Who are your influences?

Outside of writers like E.E. Cummings and David Foster Wallace, I like the way Quentin Tarantino puts a story together. He doesn’t stay in the same timeline. Spike Lee also does some really cool things and tells things differently.

The book was self-published thanks to Kickstarter. Tell me about that. 

I didn’t want to go the traditional publishing route because I have no following … I’m a new author, and no publisher’s gonna say “let’s take on some guy from Setauket and bet on a book that’s really weird in layout with a lot of weird fonts.” I knew I had to do it myself and I figured Kickstarter would be a way to raise some capital for doing everything myself like editing, illustrating the cover, etc. There’s a lot of behind the scenes things that you don’t really think of that require money. I met my goal in about two weeks.

What’s next for you? 

I have a really broad outline of what my next book will be about. The main character will probably be a tap dancer. I think I want to call it “Sky Ride Tap,” which is the name of a bar in Chicago under the Skyride, a World’s Fair exhibit. It’s just a dive bar but I want it to take place there so I’m anticipating going to Chicago in a few months and staying for a week, going to that bar everyday, talking to people, and figuring out how I can do it.

/pOEm/   XXV

/pOEm/ XXV



wake up with machine gun kisses,

brew the morning muse with the tribe on blast,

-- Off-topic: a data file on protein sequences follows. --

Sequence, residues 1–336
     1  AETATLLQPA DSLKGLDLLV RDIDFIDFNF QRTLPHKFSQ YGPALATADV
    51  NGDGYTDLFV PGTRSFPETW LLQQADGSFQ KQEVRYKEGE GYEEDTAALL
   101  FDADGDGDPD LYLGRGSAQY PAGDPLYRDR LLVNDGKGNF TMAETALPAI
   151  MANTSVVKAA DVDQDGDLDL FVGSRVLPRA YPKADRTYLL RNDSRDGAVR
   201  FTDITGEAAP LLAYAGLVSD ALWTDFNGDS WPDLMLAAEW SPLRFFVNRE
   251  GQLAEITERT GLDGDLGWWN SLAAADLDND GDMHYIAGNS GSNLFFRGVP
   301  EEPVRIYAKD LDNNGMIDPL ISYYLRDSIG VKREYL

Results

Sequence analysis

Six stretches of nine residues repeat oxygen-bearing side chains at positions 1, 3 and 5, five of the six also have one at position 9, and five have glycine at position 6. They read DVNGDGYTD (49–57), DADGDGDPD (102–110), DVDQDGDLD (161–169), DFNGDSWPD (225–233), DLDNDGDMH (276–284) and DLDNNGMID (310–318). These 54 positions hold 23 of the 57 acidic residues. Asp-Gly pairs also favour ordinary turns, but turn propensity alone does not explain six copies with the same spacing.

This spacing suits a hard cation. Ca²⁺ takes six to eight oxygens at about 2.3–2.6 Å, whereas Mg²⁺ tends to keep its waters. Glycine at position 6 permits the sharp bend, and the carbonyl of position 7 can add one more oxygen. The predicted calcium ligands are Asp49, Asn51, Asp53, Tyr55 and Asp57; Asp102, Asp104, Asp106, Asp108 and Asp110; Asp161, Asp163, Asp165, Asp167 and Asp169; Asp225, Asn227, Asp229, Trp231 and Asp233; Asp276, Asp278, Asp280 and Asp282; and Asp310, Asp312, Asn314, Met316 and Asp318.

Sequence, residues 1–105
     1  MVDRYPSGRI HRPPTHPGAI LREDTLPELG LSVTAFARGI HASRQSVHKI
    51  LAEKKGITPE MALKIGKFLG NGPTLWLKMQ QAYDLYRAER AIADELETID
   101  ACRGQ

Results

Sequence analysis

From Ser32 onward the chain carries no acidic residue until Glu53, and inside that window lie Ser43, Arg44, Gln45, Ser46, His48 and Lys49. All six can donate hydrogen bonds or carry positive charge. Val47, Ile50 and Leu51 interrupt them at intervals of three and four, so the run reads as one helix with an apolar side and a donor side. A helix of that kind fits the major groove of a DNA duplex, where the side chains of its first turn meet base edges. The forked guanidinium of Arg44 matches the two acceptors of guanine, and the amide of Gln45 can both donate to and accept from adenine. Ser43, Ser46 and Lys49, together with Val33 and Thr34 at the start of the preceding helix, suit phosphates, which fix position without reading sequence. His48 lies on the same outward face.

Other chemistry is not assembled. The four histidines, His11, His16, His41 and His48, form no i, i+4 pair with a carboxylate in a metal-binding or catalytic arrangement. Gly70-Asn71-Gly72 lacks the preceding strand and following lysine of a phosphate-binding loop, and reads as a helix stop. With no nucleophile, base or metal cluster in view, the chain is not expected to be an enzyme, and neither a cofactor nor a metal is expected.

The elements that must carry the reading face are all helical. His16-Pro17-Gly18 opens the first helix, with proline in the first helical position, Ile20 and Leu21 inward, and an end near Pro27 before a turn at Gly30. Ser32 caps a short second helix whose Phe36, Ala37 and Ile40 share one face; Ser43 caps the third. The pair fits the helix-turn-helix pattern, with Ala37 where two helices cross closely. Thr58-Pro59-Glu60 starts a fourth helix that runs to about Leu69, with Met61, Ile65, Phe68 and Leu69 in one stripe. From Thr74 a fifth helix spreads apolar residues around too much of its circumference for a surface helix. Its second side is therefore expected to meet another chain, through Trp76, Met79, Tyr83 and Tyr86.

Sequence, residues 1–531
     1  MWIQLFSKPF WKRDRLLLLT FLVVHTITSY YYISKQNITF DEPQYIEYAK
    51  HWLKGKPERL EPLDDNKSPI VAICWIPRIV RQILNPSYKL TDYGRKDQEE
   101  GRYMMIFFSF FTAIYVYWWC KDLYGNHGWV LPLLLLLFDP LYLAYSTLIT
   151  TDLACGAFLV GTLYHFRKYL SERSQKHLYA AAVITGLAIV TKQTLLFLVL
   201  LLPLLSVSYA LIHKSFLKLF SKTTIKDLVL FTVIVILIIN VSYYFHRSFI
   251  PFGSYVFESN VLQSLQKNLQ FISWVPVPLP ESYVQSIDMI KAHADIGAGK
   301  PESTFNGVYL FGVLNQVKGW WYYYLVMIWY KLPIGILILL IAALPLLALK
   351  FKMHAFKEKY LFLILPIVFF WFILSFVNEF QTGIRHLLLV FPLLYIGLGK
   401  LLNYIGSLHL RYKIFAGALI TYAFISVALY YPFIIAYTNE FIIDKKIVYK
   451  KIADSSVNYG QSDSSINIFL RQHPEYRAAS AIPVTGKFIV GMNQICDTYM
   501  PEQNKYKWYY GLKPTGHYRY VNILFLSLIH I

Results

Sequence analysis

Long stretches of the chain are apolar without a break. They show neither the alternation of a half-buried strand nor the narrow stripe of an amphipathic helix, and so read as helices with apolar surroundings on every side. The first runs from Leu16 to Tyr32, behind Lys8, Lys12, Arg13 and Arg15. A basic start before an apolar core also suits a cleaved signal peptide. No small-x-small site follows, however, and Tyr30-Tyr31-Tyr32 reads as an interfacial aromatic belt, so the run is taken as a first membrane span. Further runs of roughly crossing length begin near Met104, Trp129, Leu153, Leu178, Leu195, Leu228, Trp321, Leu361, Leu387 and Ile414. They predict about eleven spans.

read the times on the brown chair,

push-ups and daydreams on the bamboo floor,

philosophize and write on the old desk,

run the trails for a good 6.2,

hot shower with a cold beer,

some alone time with someone else,

binge on flix and sketch on linen,

a fire and a cuban to season the denim,

laugh with my one over cooked food,

meet up in town to share in this life,

remember those lost and bring them with you,

write one more time then love by candlelight,

draw the curtains and sleep naked,

enter cloudland in color and in control...


and with everything, be unique.

damn, my ideal day takes a week.

/pOEm/  XXIV














After midnight in May, and after the winds,

the treetops whisper, 

and I kiss her.


In August, ocean waves are just fine,

the bedsheets crest,

as do the rest.


Against the rain and against time,

we will surrender

late in December.


Paperback Release Date 12.8.16

Paperback Release Date 12.8.16

I thought I'd have a lot of things to say about this moment, but I've been in a haze since my first novel Wednesday Night Meeting hit the digital shelves of Amazon yesterday afternoon. Someone asked how I was feeling at the bar. I said, "I feel like I'm in a post-orgasmic halcyon after three-plus years of a tantric orgy in my mind."

I should've said, "Good."

Here's the proof that the book actually exists: WNM PAPERBACK ON AMAZON

To all of my generous Kickstarter friends, I'm starting to put together your reward packages now to time it with the release of the Kindle edition. That should be ready in 7-10 days.